12. Put an appliance thermometer in the refrigerator and freezer so that, if the power goes out, you can check that food stays at a safe temperature. Make sure the freezer is at 0°F or below and the refrigerator is at 40°F or below
  13. Have coolers on hand to keep refrigerated food cold if the power will be out for more than 4 hours. Purchase or make ice cubes and store in the freezer for use in the refrigerator or in a cooler. Freeze gel packs ahead of time for use in coolers.
  14. If your home is at risk for flooding; Move all valuables to higher levels.
  15. Prepare for high winds by boarding up windows and other glass and anchoring outside objects.
  16. Identify loose items located outside, such as lawn furniture, grills, toys, and yard equipment that should be brought inside before a storm.

THREE DAY SUPPLY KIT

Gather an easy to carry, watertight container – a large, plastic trash or line a sturdy cardboard box with a couple of trash bags. Place the following items and place them in your kit:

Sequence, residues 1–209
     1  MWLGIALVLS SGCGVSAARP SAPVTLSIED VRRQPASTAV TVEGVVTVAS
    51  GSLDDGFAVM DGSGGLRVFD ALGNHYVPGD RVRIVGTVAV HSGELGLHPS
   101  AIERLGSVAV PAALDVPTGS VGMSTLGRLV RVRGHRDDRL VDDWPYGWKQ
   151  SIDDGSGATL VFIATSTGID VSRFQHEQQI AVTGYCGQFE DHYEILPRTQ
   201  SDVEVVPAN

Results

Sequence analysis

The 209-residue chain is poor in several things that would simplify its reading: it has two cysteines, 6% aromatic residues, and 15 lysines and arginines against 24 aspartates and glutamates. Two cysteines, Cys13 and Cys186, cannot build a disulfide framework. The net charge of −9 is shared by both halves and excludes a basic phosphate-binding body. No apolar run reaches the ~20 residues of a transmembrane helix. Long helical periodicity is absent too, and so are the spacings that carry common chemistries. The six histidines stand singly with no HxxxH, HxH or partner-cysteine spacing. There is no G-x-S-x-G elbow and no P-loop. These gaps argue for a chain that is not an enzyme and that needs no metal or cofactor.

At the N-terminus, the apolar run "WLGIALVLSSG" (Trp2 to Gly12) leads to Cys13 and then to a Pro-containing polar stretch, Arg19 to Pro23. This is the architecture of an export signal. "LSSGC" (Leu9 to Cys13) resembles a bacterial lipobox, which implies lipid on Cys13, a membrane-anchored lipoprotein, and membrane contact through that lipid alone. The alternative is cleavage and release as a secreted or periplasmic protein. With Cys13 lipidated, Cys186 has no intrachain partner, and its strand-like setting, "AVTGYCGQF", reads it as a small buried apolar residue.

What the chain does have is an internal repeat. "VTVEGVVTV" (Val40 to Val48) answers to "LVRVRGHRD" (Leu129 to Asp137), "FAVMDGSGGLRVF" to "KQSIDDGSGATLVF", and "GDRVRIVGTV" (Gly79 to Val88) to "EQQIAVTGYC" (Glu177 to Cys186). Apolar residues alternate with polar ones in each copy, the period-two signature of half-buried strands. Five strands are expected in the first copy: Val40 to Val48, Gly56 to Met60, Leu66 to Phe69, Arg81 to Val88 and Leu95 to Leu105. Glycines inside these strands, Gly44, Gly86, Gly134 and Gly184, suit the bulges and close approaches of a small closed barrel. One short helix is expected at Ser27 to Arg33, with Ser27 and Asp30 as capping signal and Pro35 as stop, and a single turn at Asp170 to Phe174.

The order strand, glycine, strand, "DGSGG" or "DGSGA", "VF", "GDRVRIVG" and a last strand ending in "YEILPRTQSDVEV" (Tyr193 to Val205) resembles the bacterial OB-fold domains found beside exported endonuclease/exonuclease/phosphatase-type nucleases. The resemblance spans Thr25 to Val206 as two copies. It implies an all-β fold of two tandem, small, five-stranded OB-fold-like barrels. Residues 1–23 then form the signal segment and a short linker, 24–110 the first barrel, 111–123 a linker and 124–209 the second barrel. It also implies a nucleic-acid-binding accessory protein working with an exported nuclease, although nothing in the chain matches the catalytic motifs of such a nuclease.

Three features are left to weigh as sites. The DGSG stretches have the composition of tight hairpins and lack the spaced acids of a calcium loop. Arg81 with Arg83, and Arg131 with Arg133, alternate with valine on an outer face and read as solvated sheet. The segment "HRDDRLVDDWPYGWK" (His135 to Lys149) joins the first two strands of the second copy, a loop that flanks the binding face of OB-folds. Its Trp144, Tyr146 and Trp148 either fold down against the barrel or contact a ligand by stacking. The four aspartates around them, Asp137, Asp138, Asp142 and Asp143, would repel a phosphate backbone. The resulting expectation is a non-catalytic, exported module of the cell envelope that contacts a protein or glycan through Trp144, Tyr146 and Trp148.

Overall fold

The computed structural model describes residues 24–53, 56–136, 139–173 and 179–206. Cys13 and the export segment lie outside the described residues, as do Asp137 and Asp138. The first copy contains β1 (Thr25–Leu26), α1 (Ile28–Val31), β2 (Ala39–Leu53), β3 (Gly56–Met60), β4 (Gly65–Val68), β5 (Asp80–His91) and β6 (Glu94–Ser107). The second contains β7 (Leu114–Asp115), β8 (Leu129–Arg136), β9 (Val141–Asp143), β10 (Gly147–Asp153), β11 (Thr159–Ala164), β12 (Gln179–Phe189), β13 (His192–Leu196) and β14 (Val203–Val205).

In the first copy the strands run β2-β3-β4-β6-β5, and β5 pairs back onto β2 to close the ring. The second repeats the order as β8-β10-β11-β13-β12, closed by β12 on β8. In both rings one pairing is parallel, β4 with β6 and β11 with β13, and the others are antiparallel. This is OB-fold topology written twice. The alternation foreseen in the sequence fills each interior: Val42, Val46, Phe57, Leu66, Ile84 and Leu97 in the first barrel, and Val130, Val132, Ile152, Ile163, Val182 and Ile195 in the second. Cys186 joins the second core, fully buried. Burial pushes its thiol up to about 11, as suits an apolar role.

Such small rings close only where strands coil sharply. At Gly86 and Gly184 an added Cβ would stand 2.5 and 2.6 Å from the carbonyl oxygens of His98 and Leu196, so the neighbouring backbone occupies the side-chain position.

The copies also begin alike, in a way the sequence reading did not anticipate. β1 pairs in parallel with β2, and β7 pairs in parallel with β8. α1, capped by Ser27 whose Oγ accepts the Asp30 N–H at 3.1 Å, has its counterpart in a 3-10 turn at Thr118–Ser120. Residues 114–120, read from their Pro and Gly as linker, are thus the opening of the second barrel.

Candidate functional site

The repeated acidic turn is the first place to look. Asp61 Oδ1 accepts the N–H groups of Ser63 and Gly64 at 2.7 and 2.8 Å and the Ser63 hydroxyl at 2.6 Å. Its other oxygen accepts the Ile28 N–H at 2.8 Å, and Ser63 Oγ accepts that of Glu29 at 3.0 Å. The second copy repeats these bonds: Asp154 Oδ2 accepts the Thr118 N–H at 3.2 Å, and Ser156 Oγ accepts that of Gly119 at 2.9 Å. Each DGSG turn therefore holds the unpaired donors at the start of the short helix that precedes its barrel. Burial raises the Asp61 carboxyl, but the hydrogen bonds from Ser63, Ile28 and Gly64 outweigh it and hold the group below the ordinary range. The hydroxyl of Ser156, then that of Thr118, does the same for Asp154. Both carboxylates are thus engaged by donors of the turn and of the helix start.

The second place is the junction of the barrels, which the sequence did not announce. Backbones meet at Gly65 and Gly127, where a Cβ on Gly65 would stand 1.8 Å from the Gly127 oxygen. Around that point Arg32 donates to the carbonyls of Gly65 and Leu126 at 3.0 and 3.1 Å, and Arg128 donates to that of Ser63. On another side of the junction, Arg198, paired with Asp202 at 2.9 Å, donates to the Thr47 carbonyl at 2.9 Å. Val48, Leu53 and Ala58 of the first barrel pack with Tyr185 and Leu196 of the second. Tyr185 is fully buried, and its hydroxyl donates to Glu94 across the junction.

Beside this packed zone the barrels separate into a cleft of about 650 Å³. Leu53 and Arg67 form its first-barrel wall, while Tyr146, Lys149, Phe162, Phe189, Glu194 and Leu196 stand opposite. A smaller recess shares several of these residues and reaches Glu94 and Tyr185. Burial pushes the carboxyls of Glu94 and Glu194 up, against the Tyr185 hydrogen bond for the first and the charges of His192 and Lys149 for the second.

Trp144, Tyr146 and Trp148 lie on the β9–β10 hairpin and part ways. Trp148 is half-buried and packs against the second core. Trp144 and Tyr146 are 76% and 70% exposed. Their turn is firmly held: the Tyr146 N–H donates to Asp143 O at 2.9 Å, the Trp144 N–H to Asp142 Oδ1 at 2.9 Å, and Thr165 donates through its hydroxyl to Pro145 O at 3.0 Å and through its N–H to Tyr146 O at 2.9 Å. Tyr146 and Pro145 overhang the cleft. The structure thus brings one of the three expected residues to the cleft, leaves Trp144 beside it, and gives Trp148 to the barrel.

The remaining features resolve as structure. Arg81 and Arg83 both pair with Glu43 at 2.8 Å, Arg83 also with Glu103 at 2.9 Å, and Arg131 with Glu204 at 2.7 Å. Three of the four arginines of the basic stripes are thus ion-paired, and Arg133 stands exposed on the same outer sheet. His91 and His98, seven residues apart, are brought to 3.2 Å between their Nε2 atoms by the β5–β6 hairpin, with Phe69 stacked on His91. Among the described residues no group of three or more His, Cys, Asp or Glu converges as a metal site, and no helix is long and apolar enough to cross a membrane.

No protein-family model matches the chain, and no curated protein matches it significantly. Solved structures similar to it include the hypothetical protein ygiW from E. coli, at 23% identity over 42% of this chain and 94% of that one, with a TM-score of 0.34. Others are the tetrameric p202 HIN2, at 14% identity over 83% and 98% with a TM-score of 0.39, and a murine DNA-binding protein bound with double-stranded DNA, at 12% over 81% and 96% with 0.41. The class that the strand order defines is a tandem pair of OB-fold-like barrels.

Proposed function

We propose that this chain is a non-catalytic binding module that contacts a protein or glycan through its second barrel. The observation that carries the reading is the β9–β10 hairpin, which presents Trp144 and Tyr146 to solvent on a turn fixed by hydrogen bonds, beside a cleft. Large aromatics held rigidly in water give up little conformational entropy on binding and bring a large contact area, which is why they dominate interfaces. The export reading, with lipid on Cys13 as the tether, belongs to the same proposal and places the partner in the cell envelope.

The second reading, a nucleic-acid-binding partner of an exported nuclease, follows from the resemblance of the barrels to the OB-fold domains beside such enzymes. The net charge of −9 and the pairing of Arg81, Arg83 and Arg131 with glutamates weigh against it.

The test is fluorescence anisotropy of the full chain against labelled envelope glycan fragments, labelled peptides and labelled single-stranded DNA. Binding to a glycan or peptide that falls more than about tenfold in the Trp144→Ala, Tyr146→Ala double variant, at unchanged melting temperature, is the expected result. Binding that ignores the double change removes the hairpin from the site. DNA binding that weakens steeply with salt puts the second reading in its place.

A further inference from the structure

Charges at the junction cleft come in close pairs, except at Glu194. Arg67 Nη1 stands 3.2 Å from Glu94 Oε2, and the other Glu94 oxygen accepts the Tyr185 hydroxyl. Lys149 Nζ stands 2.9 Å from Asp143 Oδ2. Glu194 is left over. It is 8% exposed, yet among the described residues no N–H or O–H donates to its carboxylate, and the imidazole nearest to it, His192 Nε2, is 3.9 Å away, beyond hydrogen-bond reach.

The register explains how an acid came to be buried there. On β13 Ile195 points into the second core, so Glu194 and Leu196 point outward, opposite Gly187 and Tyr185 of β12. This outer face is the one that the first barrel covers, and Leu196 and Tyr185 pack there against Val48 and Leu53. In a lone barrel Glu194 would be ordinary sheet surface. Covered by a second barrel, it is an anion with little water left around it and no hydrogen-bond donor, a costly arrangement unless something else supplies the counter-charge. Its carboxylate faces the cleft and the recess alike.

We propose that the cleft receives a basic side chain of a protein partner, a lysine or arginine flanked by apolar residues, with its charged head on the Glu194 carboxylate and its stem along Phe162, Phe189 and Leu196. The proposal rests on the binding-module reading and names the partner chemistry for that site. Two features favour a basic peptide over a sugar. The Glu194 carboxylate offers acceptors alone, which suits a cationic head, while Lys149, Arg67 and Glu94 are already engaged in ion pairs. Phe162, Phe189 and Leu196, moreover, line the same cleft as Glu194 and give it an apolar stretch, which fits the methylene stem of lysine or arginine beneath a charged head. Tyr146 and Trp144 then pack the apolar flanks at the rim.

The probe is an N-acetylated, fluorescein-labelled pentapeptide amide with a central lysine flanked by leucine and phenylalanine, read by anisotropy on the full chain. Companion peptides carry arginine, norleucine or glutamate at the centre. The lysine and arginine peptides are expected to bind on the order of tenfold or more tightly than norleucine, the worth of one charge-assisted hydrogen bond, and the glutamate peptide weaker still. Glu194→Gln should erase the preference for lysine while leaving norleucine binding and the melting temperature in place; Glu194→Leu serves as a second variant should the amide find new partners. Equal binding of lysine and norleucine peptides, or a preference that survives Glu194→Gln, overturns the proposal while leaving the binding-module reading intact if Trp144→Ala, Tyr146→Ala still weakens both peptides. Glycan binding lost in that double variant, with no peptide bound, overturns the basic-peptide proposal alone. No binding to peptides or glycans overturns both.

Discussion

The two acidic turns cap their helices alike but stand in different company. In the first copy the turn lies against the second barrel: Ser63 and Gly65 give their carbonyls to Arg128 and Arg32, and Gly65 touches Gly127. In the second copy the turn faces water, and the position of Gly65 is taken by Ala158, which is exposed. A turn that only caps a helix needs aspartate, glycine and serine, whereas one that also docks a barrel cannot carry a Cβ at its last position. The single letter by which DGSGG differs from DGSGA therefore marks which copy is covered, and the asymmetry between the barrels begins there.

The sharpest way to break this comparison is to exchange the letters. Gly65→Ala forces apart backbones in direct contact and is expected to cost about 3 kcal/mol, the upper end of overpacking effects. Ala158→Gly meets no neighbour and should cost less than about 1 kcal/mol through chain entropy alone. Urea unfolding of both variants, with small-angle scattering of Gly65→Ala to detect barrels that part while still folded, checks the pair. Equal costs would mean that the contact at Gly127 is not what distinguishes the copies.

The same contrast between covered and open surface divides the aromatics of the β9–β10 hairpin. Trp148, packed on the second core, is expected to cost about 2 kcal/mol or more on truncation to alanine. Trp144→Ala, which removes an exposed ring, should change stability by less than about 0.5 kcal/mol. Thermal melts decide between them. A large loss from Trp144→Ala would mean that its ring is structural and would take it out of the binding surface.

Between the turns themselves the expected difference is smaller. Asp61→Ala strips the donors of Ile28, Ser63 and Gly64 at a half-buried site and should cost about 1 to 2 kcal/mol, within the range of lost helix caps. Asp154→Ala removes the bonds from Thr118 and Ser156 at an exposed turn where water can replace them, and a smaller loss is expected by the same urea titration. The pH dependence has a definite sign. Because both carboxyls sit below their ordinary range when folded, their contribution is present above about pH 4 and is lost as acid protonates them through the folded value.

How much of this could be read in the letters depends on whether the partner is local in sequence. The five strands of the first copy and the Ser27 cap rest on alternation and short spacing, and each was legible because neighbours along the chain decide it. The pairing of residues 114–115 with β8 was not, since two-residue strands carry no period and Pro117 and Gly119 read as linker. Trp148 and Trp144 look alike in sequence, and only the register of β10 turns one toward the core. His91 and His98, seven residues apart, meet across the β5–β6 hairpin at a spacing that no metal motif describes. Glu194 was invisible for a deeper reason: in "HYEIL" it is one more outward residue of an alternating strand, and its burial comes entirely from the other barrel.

Water: 1 gallon per person per day. Fill plastic containers, such as soft-drink bottles.
Water purification kit or bleach (use eight drops of regular bleach per gallon of water.
Essential medications
First-aid book and kit that includes:
- 20 emergency bandages of various sizes
- One 5 x 9 sterile dressing
- One roll of self-adhering elastic bandage
- Four various-sized sterile gauze pads
- One roll of 3-inch cohesive bandage
- Waterless alcohol-based sanitizer and wipes
- Medical grade non-latex gloves
- Adhesive tape, 2-inch width
- Anti-bacterial ointment
- Cold pack
- Small scissors
- Tweezers
- CPR breathing barrier, such as a face shield
- Non-prescription drugs (e.g., aspirin or non-aspirin pain relievers)
Ready-to-eat, non-perishable foods, such as canned meats, granola bars, instant soup and cereals, fruits and vegetables, canned or box juices, peanut butter, jelly, crackers, granola bars, trail mix, bread and any special dietary items you and your family need.